Last week I was invited to a discussion with a group of business owners one of whom was very anxious about the state of his current cashflow, I’ll call him Jack. Jack had called the group together in order to seek insights and advice on what he could do to address the situation, or at least that’s what I thought the meeting was to be about.
As it turns out those gathered were informed by Jack that he had already started reducing costs by cutting a number of key positions without giving the situation much thought at all. Most within the group sensed panic, particularly when it came to light that Jack had metrics in place that were providing accurate and regular reports on business performance and cashflow, however for some months he had stubbornly refused to accept the early warning signs that his company had a cashflow problem.
Very little occurs in growing revenue or managing cost unless people at every level of the organisation commit to contribute. Further, if reducing cost means reducing people then it is important that this be viewed by the leadership team as a strategic decision and not a cost reduction exercise. This requires careful planning because when cashflow returns to desired levels, and in this case it will if Jack takes on board the advice he was given, by cutting people he may have unknowingly delayed recovery because he no longer has the right talent to enable him to be nimble, and to adapt and respond quickly to opportunities as they emerge. We advised him to think carefully, not just about immediate needs, but what knowledge, skills, and experience he will need to retain for the future.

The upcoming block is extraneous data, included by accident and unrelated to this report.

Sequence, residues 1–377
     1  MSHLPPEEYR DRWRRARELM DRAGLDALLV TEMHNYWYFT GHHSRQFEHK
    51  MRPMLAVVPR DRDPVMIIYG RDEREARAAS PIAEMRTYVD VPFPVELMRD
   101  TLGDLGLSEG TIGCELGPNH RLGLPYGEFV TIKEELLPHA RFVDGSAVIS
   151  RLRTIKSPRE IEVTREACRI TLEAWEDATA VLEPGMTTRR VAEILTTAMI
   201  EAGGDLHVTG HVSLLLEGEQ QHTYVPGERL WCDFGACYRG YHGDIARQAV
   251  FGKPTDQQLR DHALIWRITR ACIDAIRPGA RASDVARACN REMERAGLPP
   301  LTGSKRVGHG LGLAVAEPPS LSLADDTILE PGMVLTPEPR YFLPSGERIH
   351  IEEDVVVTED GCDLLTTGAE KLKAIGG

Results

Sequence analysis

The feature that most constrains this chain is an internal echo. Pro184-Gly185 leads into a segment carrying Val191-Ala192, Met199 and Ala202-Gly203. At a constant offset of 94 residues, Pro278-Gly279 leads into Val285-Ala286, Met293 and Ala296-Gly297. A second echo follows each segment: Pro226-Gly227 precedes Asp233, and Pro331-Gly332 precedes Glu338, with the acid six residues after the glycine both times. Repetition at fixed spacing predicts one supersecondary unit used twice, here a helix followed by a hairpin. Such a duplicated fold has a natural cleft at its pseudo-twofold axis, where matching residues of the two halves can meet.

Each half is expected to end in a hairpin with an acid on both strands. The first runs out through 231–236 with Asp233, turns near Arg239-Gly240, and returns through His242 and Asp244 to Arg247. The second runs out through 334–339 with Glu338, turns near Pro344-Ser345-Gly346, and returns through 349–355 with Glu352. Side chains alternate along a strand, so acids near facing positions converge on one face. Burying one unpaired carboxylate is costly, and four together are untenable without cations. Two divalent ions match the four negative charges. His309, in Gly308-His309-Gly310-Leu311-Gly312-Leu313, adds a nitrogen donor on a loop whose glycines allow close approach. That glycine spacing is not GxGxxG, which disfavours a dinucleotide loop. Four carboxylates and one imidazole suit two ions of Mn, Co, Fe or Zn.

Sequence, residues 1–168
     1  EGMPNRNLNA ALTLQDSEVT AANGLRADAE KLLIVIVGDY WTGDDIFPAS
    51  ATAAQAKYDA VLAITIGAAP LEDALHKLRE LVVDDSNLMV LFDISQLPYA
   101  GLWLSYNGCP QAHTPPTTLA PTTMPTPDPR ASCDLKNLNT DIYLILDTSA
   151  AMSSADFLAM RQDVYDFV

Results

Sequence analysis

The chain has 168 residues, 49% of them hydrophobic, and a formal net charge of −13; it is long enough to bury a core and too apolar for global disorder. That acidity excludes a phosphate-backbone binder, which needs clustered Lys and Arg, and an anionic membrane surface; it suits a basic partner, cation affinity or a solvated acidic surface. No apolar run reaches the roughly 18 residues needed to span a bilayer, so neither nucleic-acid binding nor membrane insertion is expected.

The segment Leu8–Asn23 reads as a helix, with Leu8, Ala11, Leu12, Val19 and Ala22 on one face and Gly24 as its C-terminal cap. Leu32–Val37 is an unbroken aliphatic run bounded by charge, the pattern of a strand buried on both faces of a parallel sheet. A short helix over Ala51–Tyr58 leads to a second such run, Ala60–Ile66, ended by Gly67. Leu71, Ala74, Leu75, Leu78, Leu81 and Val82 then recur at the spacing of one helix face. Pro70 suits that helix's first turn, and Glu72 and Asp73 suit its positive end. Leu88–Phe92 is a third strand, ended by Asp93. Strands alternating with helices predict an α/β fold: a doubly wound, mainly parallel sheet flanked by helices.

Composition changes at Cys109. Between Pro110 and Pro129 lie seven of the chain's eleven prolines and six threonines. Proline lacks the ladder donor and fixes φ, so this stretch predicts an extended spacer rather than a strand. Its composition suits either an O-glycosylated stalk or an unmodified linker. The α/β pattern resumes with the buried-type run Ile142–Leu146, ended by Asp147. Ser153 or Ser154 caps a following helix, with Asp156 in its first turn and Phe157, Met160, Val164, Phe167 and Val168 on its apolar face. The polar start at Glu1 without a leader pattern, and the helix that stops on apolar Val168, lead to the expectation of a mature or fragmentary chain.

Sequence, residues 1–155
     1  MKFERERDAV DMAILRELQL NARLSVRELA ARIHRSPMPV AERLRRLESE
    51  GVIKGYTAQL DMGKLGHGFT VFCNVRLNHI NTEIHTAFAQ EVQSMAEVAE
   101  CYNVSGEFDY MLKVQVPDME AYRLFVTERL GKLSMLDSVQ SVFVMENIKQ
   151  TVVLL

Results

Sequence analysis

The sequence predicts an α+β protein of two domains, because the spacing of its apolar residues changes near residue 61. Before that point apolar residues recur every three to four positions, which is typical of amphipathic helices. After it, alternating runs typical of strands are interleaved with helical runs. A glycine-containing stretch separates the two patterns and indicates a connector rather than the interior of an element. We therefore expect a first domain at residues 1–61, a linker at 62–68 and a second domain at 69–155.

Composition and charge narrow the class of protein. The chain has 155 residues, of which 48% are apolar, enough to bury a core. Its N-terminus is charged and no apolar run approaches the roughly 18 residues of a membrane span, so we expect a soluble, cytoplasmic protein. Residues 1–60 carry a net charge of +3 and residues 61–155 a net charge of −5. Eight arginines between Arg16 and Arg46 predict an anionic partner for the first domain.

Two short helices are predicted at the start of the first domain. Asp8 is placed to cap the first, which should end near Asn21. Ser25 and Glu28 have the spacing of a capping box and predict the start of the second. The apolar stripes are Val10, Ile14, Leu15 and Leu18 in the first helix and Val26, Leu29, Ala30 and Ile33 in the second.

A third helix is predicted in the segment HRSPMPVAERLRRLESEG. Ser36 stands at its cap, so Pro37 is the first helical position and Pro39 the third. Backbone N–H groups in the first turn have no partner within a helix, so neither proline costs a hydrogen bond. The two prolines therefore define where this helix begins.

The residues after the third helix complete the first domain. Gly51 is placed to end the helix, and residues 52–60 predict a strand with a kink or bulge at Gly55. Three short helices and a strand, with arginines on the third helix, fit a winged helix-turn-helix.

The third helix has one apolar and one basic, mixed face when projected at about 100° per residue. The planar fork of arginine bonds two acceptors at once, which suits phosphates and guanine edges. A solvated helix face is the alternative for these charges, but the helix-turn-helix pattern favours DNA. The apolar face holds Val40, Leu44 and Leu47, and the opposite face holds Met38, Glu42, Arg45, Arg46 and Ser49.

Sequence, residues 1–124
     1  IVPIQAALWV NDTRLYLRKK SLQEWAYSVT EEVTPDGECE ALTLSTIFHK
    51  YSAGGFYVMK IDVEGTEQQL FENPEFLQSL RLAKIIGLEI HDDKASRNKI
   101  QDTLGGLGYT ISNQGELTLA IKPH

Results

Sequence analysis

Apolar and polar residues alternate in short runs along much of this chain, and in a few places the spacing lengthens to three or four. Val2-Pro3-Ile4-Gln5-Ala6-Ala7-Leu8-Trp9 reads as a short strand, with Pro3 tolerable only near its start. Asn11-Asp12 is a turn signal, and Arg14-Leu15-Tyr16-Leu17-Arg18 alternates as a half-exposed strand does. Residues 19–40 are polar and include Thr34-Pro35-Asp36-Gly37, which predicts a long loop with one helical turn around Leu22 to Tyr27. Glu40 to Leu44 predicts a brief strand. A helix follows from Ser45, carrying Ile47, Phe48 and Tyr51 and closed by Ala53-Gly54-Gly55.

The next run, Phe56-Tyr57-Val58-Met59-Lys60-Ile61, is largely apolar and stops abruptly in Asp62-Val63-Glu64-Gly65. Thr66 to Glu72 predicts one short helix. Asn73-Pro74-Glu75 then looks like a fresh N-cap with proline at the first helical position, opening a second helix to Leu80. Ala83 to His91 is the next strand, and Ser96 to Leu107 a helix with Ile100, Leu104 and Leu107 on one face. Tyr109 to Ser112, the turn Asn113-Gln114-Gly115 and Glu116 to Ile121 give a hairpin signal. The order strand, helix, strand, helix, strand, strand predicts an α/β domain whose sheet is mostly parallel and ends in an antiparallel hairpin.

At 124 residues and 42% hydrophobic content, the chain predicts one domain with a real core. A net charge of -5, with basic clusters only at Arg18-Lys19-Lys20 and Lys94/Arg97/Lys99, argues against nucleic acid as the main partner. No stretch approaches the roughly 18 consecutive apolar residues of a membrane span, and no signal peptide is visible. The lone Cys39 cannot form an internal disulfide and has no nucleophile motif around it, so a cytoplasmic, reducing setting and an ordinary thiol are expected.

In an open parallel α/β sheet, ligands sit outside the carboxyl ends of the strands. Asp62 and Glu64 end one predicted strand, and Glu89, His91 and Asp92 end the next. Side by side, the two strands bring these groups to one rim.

The other error he had made was to use the company’s cashflow crisis as a way of dealing with so called “under performers”. If people are underperforming, the first question is why? Underperformance needs to be dealt with by the person’s manager as it is a performance issue. Maybe Jack needs to look at the performance of a number of his managers.
The group offered Jack some other options:
- Consider restructuring roles; consider carefully what options are available.
- Reduce spending:
- Can some areas operate for a period with less supervision or management?
- Reduce incidental spending.
- Can salary and wage increases be put on hold or lower the percentage increase offered?
- Use Team Hacks to generate ideas to reengineer and change processes to drive greater efficiency and better co-ordinate activities without loss to external or internal customers.
- Examine if work flows can be reshaped to eliminate duplications and eliminate gaps.
- Examine the viability of suspending or delaying programs.
- Finally, reduce headcount but not before considering the knowledge, skills, and experience that will be needed as the situation recovers. If headcount reductions are required do it once; avoid at all costs death by a thousand cuts.
It’s inevitable that any amount of cost reduction causes discomfort, however the goal remains to eliminate any area where cost exceeds the value delivered.
Viventé Australia enables leaders and managers develop the bond between people and performance, creating a powerful advantage: the synergy between people, leadership, management, and culture, produces performance that allows your business to achieve its best.